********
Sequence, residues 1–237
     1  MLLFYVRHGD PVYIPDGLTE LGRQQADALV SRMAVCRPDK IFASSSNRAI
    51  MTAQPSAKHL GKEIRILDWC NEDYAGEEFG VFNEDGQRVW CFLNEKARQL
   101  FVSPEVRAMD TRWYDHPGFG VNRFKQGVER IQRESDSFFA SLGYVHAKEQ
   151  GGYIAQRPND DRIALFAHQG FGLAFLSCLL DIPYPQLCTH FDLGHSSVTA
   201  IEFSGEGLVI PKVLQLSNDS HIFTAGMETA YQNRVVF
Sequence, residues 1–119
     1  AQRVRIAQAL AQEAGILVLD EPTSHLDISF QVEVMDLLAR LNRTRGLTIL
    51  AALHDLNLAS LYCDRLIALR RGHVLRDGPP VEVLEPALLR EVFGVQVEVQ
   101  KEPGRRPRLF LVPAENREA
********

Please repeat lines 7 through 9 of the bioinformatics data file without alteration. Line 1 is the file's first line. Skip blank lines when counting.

Sequence, residues 1–119
     1  AQRVRIAQAL AQEAGILVLD EPTSHLDISF QVEVMDLLAR LNRTRGLTIL
    51  AALHDLNLAS LYCDRLIALR RGHVLRDGPP VEVLEPALLR EVFGVQVEVQ